Proefcentrum Fruitteelt

Sint-Truiden, Belgium

Proefcentrum Fruitteelt

Sint-Truiden, Belgium
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Delele M.A.,Catholic University of Leuven | Delele M.A.,Stellenbosch University | Vorstermans B.,Proefcentrum Fruitteelt | Creemers P.,Proefcentrum Fruitteelt | And 7 more authors.
Journal of Food Engineering | Year: 2012

Postharvest treatments of fruits in storage rooms using a fogging system is a recent development that offer a promising means to reduce the use of fungicides in the orchards, where ecological and environmental risks are higher than in the closed environment of the storage room. To investigate the effectiveness of postharvest storage fungicide fogging systems, a computational fluid dynamics (CFD) model was developed and validated. A discrete element (DE) method was applied to generate a random stacking of spherical fruits in a typical bin. The CFD model was then employed to study explicitly the air and fungicide particle flow through the bin vent holes and through the voids of the stack, and to predict the deposition behaviour of the fungicide particle on the products. For model validation purposes, a standardized set-up was used with a single fruit bin positioned in a cold store that was operated at different air flow rates. Good agreement was found between measured and predicted results of deposition profiles of fungicide particles. The deposition on the top layer of the fruit stack was higher than the bottom one, and higher deposition was observed on the top sides than on the bottom sides of the fruit. The effect of air flow rates and different bin handling parameters on fungicide particles flow and deposition were investigated. Air circulation rates of 0 m 3 h -1 (no air circulation), 4080 m 3 h -1 and 6800 m 3 h -1 and 9520 m 3 h -1 were used. The highest fungicide deposition on the fruit was observed during fogging without air circulation while the lowest deposition corresponded to fogging with the highest air circulation rate. Covering the top of the bin with foil and removing the bottom plastic foam that is usually placed on the bottom floor of the bin improves the uniformity of fungicide deposition throughout the bin. Removing the bottom plastic liner increased the average deposition of the fungicide particles, while covering the top of the bin decreased the average deposition. © 2011 Elsevier Ltd. All rights reserved.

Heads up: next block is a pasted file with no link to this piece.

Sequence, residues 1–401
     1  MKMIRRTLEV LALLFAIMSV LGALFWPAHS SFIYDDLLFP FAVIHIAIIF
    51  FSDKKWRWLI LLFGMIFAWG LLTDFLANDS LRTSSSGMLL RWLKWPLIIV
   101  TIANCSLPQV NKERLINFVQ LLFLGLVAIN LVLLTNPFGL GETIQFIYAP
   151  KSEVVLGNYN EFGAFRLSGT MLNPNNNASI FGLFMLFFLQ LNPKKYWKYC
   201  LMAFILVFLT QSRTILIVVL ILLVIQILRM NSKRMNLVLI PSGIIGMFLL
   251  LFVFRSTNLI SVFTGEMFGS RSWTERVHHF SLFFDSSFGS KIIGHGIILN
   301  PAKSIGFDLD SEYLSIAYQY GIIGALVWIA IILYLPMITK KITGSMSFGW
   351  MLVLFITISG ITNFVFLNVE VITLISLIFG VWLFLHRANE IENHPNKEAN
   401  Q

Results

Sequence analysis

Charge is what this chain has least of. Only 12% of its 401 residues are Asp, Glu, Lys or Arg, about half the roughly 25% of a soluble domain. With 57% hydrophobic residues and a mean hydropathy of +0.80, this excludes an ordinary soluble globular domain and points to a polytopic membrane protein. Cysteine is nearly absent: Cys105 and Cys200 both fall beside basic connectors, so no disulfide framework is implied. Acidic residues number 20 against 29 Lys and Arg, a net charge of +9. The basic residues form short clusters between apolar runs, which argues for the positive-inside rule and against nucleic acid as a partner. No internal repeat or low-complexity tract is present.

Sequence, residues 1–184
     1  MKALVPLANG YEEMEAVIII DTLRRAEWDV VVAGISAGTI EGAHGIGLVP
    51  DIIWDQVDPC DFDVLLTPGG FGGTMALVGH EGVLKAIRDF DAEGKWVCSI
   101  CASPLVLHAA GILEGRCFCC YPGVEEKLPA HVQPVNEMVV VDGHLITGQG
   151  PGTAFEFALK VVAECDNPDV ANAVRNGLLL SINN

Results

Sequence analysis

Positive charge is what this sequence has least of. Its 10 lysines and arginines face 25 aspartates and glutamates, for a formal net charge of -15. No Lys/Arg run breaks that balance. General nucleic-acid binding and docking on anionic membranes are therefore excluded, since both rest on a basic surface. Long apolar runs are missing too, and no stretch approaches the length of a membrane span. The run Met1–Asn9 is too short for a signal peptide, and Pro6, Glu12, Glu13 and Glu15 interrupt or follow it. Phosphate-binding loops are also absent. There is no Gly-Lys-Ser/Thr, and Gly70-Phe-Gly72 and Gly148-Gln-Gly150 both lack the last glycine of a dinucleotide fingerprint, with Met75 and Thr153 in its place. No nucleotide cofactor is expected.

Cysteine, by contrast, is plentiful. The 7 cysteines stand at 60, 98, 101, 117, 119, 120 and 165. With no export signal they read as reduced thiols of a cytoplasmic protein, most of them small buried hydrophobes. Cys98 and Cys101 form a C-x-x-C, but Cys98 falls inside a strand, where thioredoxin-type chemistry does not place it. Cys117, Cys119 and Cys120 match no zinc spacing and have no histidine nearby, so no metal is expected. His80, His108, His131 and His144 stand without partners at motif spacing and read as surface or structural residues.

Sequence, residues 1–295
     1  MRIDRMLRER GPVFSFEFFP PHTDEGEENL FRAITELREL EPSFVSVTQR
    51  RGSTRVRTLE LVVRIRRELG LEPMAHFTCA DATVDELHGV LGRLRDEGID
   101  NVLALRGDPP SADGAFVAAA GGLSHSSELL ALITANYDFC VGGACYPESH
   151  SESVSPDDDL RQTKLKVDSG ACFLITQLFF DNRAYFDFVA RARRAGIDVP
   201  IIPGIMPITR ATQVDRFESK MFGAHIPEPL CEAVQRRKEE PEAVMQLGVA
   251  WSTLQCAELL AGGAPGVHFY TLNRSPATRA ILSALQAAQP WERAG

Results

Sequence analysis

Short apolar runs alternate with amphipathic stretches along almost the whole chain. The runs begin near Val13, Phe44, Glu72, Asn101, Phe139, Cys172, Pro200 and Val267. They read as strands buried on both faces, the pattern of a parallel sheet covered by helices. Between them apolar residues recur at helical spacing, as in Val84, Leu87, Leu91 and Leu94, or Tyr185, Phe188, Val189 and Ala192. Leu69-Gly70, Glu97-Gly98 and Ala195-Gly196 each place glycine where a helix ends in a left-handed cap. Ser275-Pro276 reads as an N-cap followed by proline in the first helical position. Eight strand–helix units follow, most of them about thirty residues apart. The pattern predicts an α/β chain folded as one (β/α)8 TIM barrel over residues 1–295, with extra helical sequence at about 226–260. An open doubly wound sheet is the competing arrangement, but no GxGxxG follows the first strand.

Delele M.A.,Catholic University of Leuven | Delele M.A.,Stellenbosch University | Vorstermans B.,Proefcentrum Fruitteelt | Creemers P.,Proefcentrum Fruitteelt | And 7 more authors.
Journal of Food Engineering | Year: 2012

To study the operation of postharvest storage fungicide fogging systems, a CFD model was used. The modelling was based on an Eulerian-Lagrangian multiphase flow model. The effect of air circulation rate, circulation interval, bin design, stacking pattern and room design on deposition of fungicide was investigated. Air circulation rates of 0 m3 h-1 (no circulation), 2100 and 6800 m3 h-1 were used. Interval circulation of air was also investigated. The highest fungicide deposition was observed during fogging without circulation while the lowest deposition corresponded to fogging with the highest circulation rate. For the considered on/off combination times, the effect of circulation interval on overall average deposition and uniformity was not significantly different from the case of fogging with continuous air circulation. Bin with higher vent hole ratio and the presence of air deflector increased the amount and uniformity of deposition. Good agreement was found between measured and predicted results of deposition of fungicide particles. © 2011 Elsevier Ltd. All rights reserved.

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